Unfortunately, Danny’s “command” took Dave by surprise, and he swerved a bit too abruptly. The right front wheel of the car rolled over the edge and dropped into the cement irrigation ditch.

The ditch was about 18 inches wide and two feet deep, full of water for the lawns and gardens of people who lived along Center Street.

When the front wheel dropped into the trench, the car dropped onto its front axle. The sharp jerk swung the back right wheel into the ditch, too. David was too surprised to hit the brakes, and the car continued its rapid forward movement until it struck the cement footbridge.

The impact caused both axles to break, and all four tires blew out. Something under the hood also went awry, sending out clouds of oily smoke and steam.

By the time Hank and I arrived at the scene, the car had settled down completely onto its frame within its own cloud. It looked more like a sports car without wheels than a Buick sedan.

When the crash occurred, the passengers of the car – with the exception of Dave – rolled out of the car onto the roadside grass, convulsing in laughter. This is what Hank and I initially assumed was the screaming and moaning of victims.

Dave was so shell-shocked by the crash he could only wander around the car surveying the damage, and mumbling over and over, “What will my Dad say?”

A large crowd began to gather. It didn't take long for the police and an emergency medical unit to appear -- trailed by a tow truck. Not much had changed. All participants were still gasping for air in their original uncontrollable states, and Hank and I had joined in their contagious hilarity.

Nobody was able to give a very clear statement to the police, but the cops understood enough to give David a ticket for unsafe driving. The tow truck driver dragged the still steaming "unwheeldy" remains off to a collision repair shop.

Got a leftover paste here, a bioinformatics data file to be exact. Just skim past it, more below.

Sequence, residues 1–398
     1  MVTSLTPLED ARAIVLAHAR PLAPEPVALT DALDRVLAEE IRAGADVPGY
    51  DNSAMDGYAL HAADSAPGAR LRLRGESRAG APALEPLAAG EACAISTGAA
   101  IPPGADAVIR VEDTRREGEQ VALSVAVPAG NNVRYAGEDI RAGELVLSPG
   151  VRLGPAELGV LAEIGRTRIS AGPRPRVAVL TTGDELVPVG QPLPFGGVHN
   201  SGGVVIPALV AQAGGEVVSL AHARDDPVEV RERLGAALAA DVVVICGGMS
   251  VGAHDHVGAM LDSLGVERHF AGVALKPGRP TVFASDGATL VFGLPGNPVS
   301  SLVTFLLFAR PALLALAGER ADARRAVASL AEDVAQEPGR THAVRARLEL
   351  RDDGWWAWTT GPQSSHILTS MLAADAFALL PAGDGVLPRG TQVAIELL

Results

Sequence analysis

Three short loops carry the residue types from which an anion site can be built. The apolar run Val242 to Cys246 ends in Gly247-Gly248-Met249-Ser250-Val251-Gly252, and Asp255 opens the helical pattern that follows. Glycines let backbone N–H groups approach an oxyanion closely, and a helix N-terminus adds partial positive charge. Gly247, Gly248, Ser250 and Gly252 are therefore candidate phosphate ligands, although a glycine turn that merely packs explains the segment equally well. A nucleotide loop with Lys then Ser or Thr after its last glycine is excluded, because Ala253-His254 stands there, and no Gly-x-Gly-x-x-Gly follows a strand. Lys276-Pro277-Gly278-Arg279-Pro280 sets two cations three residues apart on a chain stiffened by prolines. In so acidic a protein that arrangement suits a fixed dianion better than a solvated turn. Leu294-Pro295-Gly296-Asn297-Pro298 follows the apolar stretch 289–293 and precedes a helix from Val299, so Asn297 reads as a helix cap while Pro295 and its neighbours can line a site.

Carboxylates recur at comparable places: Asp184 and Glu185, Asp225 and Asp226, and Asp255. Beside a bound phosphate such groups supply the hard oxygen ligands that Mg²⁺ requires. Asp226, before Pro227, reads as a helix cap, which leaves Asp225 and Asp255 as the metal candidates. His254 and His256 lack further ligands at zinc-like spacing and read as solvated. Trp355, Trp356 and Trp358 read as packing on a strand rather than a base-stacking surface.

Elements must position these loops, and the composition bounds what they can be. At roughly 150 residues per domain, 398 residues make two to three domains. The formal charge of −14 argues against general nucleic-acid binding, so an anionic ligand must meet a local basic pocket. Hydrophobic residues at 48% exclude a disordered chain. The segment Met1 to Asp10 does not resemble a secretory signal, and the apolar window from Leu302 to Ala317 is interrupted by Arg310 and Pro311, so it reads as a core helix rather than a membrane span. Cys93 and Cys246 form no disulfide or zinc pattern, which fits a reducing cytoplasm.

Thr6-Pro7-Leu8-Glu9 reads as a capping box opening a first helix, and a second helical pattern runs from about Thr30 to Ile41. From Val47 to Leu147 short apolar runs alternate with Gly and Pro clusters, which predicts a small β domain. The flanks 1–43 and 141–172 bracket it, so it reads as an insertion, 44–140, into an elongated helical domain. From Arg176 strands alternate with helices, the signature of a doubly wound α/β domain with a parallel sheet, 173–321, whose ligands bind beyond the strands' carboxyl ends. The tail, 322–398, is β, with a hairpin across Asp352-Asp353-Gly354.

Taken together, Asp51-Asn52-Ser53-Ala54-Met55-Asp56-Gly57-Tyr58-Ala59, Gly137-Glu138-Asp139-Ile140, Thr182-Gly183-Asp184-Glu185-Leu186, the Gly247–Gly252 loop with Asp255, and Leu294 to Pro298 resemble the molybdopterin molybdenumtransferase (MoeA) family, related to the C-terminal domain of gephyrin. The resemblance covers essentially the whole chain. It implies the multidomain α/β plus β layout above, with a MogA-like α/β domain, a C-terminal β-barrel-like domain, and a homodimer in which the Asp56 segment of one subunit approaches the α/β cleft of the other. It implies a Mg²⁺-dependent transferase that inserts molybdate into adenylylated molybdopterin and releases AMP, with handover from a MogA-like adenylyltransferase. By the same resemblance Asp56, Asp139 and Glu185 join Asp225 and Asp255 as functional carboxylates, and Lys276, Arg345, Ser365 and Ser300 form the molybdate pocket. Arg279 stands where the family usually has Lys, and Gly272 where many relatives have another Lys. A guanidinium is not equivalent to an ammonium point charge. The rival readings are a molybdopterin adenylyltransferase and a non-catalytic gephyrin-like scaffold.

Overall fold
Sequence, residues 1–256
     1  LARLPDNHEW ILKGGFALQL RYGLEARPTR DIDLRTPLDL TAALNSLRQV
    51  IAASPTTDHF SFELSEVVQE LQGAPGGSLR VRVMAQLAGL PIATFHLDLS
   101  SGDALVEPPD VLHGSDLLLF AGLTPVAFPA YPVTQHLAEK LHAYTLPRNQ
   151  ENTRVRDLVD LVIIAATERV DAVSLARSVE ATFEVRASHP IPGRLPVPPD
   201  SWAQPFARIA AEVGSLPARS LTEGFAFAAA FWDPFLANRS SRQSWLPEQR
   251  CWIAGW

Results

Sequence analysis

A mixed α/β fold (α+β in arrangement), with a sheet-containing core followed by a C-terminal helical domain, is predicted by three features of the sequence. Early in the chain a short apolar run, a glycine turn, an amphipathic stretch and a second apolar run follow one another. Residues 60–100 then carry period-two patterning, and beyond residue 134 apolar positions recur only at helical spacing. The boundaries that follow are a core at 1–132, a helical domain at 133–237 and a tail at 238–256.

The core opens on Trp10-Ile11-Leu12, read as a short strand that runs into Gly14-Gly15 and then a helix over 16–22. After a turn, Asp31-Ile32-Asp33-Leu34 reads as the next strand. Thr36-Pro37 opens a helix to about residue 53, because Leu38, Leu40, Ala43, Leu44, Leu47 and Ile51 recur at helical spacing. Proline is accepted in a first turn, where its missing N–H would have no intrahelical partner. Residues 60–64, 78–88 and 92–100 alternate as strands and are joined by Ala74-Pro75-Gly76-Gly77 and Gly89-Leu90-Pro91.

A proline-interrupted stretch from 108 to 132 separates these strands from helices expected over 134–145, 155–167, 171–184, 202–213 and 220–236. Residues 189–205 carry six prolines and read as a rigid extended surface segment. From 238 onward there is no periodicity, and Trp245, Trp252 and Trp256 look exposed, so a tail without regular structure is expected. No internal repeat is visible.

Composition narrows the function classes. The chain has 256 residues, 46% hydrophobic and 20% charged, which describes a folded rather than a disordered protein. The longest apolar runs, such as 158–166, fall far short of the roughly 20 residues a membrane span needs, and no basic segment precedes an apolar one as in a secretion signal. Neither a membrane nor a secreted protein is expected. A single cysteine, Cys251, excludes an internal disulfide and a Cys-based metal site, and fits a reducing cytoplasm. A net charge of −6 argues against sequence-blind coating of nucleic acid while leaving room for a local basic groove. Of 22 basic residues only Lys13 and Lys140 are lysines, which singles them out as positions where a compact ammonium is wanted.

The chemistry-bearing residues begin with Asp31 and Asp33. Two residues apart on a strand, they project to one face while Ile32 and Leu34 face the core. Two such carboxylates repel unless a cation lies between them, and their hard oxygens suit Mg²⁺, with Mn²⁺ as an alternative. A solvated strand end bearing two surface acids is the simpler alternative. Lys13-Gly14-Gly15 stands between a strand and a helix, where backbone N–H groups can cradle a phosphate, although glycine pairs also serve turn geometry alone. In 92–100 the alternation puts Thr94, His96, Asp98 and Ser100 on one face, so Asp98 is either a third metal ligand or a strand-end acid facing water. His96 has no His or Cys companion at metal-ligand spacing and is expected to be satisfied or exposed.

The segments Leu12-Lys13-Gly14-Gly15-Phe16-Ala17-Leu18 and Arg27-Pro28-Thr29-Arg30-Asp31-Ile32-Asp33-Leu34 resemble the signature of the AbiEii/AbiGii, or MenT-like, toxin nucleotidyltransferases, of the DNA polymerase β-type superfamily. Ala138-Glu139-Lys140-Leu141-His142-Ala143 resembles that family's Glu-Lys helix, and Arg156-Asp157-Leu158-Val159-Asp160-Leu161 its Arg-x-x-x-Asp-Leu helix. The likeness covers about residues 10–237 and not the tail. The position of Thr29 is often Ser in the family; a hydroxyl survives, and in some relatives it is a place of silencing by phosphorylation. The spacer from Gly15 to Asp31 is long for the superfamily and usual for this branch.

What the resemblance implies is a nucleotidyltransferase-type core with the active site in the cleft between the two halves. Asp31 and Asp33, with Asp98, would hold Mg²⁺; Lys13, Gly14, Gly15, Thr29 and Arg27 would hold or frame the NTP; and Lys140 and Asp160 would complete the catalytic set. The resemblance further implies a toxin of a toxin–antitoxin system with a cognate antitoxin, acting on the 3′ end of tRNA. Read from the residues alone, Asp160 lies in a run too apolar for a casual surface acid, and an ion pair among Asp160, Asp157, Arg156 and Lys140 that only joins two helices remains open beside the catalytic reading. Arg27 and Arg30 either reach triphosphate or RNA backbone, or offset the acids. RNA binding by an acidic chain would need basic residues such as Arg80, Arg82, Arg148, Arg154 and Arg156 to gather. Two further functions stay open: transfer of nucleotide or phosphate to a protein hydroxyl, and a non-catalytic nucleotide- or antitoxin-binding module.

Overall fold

I am not sure what Dave told his father, but I imagine the initial conversation went something like this:
David: Dad, I’m afraid I had a little accident with the car.

Professor Young: What happened? Are you alright? Were you alone? Was anyone hurt?

David: Well, some of the guys were with me, but no one was hurt. We accidentally ran into a footbridge along Center Street, and the car is at the repair garage now.

Professor Young: So what was the damage?

David: Both axles are broken, all four tires were destroyed, and the oil pan and radiator were smashed. Hank Stevens says it will take probably take several days to fix.

Professor Young: Great Scott, David! How fast were you going? How on earth could you run into a footbridge? Who said you could take the car in the first place?

David: Well, it’s kind of a long story Dad. . .

Whatever version of the story David told his Dad, the rest of us have told this authentic tale far and wide.

We have never been able to forget the sight of that once-proud Young family Buick, firmly grounded, just as surely as its young Young driver was for the next several weeks.

By Jon Katzenbach, Class of 1950

Wrecked Buick, Provo, 1950
The car goes nowhere.